Skip to main content


HIS3351 : Buddhism and Society in Medieval Japan

  • Offered for Year: 2022/23
  • Module Leader(s): Dr Philip Garrett
  • Owning School: History, Classics and Archaeology
  • Teaching Location: Newcastle City Campus
Semester 2 Credit Value: 20
ECTS Credits: 10.0


This Special Subject proceeds from the premise that there was no such thing as 'religion’ in medieval Japan, and at the same time that there was no activity or organisation in medieval Japan which was not ‘religious’. The module explores the permeation of Buddhist thought and institutions through Japanese society in the late classical and early medieval periods, with a focus on the interwoven functions and authority of the trifunctional elite of civil, military, and monastic authority in the Kamakura period. We will take a multidisciplinary approach to developing our understanding of the period, drawing together study of religion, philosophy, and ritual with human (and sacred) geography, institutional and legal history.

Outline Of Syllabus

This module is structured around three central themes: medieval Buddhist thought and practice, the political structure of late classical and early medieval Japan, and their interrelation in the economic and sacred landscape. Topics covered may include a combination of the following, or similar related topics:

The foundations of Buddhism, its development in Asia, and evolution in Japan
Religious experience and conceptions of Awakening
The nexus of politics at court and in monastic institutions in the late Classical Period
Politics and society, dharma and state
Land and sh?en: monastic centres as landholders
Temple complexes and monastic cities
Local society and medieval Japan as seen from the ground
Mountains, Networks, Pure Lands
Conflict within and between religious sites
Religious alternatives in the medieval period
Zen and politics in the medieval period

Teaching Methods

Teaching Activities
Category Activity Number Length Student Hours Comment
Guided Independent StudyAssessment preparation and completion551:0055:00N/A
Structured Guided LearningLecture materials81:008:00Video, audio, and textual lecture materials, contributing to contact hours.
Guided Independent StudyDirected research and reading561:0056:00N/A
Scheduled Learning And Teaching ActivitiesSmall group teaching112:0022:00In-person seminars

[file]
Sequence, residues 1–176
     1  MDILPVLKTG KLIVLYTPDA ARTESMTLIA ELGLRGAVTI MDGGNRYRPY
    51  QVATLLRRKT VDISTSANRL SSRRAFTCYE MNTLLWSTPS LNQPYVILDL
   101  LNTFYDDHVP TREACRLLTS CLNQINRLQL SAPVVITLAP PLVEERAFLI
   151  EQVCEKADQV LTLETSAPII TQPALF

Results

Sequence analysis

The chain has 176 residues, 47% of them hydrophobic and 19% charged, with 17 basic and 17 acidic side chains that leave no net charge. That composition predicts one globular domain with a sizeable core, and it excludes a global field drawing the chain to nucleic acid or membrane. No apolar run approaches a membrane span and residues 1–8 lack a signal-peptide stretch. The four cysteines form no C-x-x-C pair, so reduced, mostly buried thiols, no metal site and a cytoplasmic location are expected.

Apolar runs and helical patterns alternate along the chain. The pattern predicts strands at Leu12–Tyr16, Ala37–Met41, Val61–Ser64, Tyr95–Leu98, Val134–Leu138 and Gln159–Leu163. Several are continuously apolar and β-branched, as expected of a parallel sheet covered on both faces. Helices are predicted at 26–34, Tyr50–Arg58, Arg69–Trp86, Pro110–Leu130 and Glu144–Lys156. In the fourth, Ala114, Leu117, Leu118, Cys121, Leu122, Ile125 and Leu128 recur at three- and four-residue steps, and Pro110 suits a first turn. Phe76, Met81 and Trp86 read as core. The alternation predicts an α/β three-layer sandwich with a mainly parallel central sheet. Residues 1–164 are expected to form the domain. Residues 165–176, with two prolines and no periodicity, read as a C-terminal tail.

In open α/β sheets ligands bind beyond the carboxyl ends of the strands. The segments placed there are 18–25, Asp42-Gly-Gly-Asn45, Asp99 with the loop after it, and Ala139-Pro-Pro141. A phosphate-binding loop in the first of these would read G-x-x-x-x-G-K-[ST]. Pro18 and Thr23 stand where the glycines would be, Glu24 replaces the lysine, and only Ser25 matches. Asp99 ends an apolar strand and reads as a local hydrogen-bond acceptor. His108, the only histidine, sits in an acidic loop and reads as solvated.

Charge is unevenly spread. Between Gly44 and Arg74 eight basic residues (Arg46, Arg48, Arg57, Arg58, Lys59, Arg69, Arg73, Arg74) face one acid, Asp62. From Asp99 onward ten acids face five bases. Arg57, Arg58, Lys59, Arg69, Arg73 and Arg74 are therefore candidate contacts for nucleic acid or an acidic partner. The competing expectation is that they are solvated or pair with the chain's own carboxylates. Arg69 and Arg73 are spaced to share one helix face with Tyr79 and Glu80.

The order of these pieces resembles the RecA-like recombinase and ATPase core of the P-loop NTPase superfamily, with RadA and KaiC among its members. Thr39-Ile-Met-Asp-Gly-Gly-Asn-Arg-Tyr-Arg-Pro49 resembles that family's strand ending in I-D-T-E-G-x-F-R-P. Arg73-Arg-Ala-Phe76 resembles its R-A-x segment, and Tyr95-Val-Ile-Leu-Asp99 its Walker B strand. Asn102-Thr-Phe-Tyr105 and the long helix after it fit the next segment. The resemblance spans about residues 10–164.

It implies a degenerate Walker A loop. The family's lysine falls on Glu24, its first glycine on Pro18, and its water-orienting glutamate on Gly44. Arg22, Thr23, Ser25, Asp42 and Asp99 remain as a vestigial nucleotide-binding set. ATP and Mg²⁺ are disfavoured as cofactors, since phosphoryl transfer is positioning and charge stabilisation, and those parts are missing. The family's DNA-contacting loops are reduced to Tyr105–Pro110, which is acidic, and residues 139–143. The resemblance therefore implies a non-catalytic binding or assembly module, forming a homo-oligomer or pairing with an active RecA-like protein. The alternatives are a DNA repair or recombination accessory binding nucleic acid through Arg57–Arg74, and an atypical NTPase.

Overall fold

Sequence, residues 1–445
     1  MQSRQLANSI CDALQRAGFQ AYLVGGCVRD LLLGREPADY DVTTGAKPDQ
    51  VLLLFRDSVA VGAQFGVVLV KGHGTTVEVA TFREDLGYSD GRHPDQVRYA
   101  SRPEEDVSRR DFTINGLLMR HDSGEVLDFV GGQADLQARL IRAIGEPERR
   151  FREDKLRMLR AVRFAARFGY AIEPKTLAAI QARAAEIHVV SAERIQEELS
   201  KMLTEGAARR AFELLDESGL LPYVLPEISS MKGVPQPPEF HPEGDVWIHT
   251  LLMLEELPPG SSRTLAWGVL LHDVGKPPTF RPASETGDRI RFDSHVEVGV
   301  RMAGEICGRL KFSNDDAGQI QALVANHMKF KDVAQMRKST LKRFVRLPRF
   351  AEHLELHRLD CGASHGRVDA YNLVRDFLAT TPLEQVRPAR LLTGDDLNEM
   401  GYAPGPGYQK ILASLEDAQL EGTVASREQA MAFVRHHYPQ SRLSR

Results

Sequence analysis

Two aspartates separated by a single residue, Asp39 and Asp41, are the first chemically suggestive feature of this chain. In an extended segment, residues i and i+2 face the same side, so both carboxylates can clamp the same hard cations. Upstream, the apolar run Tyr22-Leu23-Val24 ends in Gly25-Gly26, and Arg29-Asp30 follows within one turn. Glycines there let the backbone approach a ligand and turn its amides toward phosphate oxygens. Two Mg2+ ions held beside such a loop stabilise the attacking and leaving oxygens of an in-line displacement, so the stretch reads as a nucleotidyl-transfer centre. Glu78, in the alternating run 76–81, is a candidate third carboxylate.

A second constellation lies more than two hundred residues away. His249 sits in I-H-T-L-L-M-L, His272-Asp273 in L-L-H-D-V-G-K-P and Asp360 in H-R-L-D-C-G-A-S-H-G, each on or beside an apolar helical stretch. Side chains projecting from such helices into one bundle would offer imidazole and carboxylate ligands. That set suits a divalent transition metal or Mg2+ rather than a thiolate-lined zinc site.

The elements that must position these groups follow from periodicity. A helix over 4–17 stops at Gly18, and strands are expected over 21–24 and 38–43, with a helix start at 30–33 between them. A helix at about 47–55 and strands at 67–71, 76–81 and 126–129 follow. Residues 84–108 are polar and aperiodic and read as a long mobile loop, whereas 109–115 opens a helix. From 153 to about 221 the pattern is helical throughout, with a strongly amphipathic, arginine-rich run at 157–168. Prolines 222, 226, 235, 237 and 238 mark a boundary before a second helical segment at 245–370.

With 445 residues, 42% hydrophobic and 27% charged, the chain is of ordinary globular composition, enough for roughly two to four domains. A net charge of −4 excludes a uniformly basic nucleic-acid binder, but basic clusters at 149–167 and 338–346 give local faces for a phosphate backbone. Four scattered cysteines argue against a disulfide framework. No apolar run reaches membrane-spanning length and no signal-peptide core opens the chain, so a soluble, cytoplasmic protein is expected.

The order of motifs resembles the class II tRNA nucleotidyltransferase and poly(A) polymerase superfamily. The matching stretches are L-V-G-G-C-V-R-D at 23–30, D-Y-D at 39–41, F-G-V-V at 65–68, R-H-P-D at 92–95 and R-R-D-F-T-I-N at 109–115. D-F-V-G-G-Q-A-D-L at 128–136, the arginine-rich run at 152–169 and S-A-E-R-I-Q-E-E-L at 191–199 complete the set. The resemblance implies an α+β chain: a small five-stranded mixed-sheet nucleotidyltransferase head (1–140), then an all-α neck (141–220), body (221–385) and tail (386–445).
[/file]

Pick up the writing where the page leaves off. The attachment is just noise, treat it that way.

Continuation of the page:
Scheduled Learning And Teaching ActivitiesDrop-in/surgery31:003:00Drop-in sessions for essay support and Q&A
Guided Independent StudyIndependent study561:0056:00N/A
Teaching Rationale And Relationship

Lecture materials provide the necessary broad overview for each topic area and encourage students to see the big picture. These materials will be delivered asynchronously as a connected set of video, audio, and textual materials, using the Canvas VLE as a supporting framework. Seminars encourage independent study and promote improvements in oral communication, problem-solving skills and adaptability. This encourages students to worth collaboratively with their peers, developing the interpersonal skills necessary for their future careers. Seminars will be offered in person, dependent oin the public health situation, and can be moved to online synchronous delivery in the event of public health necessity. Drop-in surgery time enables students to ask questions and receive guidance on research methods and essay composition.

Assessment Methods

The format of resits will be determined by the Board of Examiners

Other Assessment
Description Semester When Set Percentage Comment
Design/Creative proj2M30Visual presentation of key concepts in 1500 words, using both images and text in poster, powerpoint, or website form
Essay2A702000 word essay (inclusive of footnotes, exclusive of bibliography)
Formative Assessments
Description Semester When Set Comment
Reflective log2MA diary or blog entries reflecting on key concepts in the module. Total 500 words
Assessment Rationale And Relationship

The reflective log allows students to develop their understanding of key concepts in the module. By writing out their thoughts and understanding informally, and without the pressure of writing for assessment, students will explore the central ideas of the module alongside their preparation for assessed work.

Essays test students’ abilities to conduct independent research, relate primary source documents to broader problems, the ability to formulate an interpretation of evidence in response to a question, and academic writing skills. The researching and writing of an essay is a tool of learning and understanding rather than merely a means of assessing progress.

Visual presentation of research in the form of a poster presentation, click-through slides, or website allows students to develop their presentational skills and the ability to explain concepts and research in an accessible format, supporting the development of this key transferrable skill for their forthcoming professional careers.

Reading Lists